The Last Airbender
NOTE: This review had to be pared down severely for length constraints and leaves out a LOT of things wrong with this film. I may blog about them over on my personal blog soon.
Directed by: M. Night Shyamalan
Starring: Noah Ringer, Nicola Peltz, Jackson Rathbone, Dev Patel
Rated: PG for fantasy action violence.
As my regular readers know, the last couple of weeks have not been good ones for me and the movies. I saw a couple fairly dreadful films. However, I’m inclined to be a lot more charitable to them now that I’ve seen “The Last Airbender,” a film which fails both as an adaptation (as I anticipated) and (which was a suprise) as a special-effects-laden martial arts epic.
The story has been pared down from the first season of the popular Nickelodeon cartoon “Avatar: The Last Airbender” by M. Night Shyamalan, who also directed. One has to wonder why the studio gave him that much control, considering that his last five films (which he also wrote and directed) have been flops. Given the simple nature of cartoon storytelling, adapting it for the big screen should be straightforward: trim out the episodes that have little to do with the major plotline, and remake the rest in live action.
The setting is a fantasy world based on Asian cultures, with four nations affiliated with the elements of Air, Water, Earth, and Fire. Some people in each nation have the ability to control (“bend”) their native element. Only the Avatar has the ability to control all four. A hundred years ago, the Fire Nation made a bid to conquer the world, and the Avatar vanished. His new incarnation has been found: a twelve-year-old Airbender named Aang. The two Water Tribe teens who find him accompany him on his quest to master the other elements so he can stop the Fire Lord’s armies and return peace to the world.
Sure, I told myself, Shyamalan cast white actors for the good guys and dark-skinned actors as the villainous Fire Nation, but surely he’ll get some of the story right! Sadly, he doesn’t seem to have actually watched the show. The film feels like he read the Wikipedia page about the first season and went from there. He hits the major plot points, but leaves out the details that make the events important and engaging — as well as many of the details that help the story make sense. If you haven’t seen the cartoon, you’re likely to be pretty confused.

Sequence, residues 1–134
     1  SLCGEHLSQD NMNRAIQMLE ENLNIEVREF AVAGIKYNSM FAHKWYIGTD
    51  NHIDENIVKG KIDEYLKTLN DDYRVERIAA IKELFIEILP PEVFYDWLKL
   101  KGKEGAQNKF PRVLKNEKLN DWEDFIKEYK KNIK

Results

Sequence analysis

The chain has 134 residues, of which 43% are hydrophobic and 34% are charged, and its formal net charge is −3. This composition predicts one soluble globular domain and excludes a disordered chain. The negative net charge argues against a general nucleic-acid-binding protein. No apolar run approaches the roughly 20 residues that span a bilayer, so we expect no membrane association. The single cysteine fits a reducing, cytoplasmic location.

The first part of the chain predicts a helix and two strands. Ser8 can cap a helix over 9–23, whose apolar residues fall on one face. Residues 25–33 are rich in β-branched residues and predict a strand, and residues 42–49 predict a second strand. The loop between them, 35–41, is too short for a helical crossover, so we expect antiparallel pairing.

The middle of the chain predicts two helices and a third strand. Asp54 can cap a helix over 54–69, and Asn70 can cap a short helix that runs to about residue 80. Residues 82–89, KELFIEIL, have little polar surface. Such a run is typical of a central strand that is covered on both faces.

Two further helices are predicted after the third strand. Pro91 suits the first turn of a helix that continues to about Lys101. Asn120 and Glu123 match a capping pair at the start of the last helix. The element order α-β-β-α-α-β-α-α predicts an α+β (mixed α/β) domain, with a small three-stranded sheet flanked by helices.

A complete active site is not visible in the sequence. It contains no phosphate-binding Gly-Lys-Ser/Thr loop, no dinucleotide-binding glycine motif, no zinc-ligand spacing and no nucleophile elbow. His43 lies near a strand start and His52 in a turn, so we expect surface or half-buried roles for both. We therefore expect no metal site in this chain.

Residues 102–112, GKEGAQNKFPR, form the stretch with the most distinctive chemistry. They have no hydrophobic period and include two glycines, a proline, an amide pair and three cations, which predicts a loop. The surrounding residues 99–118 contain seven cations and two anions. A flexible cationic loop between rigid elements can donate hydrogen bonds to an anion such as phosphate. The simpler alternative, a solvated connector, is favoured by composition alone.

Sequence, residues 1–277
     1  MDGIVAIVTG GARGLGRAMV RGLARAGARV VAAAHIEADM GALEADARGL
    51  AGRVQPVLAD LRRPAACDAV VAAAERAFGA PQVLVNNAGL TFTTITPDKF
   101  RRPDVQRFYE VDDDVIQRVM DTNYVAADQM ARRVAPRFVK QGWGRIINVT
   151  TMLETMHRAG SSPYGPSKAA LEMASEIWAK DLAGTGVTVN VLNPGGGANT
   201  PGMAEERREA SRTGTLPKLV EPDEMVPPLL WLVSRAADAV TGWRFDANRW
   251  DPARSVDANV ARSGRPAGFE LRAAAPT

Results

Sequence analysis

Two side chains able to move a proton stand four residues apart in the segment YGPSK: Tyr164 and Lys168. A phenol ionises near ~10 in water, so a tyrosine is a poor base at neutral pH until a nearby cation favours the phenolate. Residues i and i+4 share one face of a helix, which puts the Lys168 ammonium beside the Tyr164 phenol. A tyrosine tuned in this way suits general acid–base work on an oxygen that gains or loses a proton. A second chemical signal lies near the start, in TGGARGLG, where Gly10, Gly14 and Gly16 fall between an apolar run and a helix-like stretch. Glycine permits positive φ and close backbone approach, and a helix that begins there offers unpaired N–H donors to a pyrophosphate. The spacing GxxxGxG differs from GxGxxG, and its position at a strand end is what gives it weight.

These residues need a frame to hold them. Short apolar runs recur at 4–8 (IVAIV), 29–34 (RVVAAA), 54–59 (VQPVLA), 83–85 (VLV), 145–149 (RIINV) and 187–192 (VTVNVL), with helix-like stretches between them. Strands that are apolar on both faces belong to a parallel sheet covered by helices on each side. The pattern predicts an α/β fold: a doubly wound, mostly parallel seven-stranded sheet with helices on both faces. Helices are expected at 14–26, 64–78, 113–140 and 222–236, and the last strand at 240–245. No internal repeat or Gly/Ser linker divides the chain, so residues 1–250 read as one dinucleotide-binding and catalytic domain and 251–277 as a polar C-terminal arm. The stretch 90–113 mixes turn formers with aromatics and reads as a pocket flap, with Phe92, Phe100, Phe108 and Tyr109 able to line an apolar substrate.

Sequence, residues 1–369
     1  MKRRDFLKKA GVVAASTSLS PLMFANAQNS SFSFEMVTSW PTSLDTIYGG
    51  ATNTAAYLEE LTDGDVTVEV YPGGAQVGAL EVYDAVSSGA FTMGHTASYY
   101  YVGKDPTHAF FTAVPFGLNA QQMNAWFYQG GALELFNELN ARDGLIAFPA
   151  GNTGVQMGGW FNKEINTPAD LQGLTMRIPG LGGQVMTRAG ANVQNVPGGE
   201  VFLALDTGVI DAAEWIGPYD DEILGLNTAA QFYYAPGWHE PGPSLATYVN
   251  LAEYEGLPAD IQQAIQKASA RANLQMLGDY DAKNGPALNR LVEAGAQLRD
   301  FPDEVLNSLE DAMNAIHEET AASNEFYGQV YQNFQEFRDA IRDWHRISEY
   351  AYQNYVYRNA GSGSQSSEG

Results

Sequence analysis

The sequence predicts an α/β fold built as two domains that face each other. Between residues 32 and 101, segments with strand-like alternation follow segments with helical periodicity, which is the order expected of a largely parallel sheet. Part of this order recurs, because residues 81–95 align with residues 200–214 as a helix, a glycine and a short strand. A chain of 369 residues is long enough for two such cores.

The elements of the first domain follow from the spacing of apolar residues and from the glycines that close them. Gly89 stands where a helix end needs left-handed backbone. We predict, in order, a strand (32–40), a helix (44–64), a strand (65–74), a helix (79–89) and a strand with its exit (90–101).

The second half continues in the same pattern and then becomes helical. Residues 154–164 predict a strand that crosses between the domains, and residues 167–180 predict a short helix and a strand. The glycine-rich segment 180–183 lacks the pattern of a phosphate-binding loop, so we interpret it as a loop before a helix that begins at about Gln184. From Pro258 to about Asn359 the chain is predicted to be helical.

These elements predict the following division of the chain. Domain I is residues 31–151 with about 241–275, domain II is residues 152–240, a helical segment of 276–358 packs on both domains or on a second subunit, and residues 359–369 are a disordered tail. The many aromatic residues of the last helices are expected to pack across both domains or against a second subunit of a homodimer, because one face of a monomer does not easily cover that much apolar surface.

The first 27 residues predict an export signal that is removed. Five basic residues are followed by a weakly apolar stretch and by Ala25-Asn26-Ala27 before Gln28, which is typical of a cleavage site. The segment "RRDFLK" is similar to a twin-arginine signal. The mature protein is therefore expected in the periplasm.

The characters all have interesting backstories, but instead of using flashbacks or letting the characters drop bits of information during conversations, he has people sit around and talk. And talk. And talk. And repeat themselves later. He does the same with what little character development there is: we’re told in voiceover that it happens, but we don’t see it. Apparently Shyamalan missed the day in filmmaker school where they went over the concept of “show, don’t tell.”
The acting is wooden, but in a CGI-driven film that’s to be expected. The one pleasant exception is Shaun Toub as Uncle Iroh, the Fire Lord’s brother. In spite of looking nothing like his character in the cartoon and being hampered by the dreadful script, Toub captures Iroh’s personality and makes him seem real. Unfortunately, the other performances aren’t as good. Noah Ringer’s performance as Aang consists almost entirely of martial arts katas and looking like someone kicked his favorite puppy. As Katara and Sokka, Aang’s companions, Nicola Peltz and Jackson Rathbone are borderline painful.
Worse, the fighting isn’t even well done. The action was the one redeeming quality I was hoping for in “The Last Airbender,” but it was not to be. Firstly, the motions for Bending are dissociated from the results. Instead of fighters who use their native elements as extensions of their bodies, you get people who seem to fight through interpretive dance with random bits of their element flying around. Secondly, all the fights are in slow motion, but choreographed so badly it’s hard to tell what’s going on. Finally, the most spectacular part of the final battle (a giant, Godzilla-like creature formed out of water and powered by the Avatar) is gone, replaced with an anticlimactic show of power which doesn’t actually do anything.
I knew I probably wasn’t going to like “The Last Airbender,” but I went into it expecting to enjoy some aspects. Unfortunately, the only pieces that were unqualified successes were the costuming and other visuals. As bizarrely terrible as the fight scenes are, the effects used for bending are mostly well done. The various cities look great, and the costumes are straight out of the cartoon. But that’s it. Everything else is terrible. “The Last Airbender” manages to fail both as an adaptation and as a movie, and it desperately needs to be Shyamalan’s last film.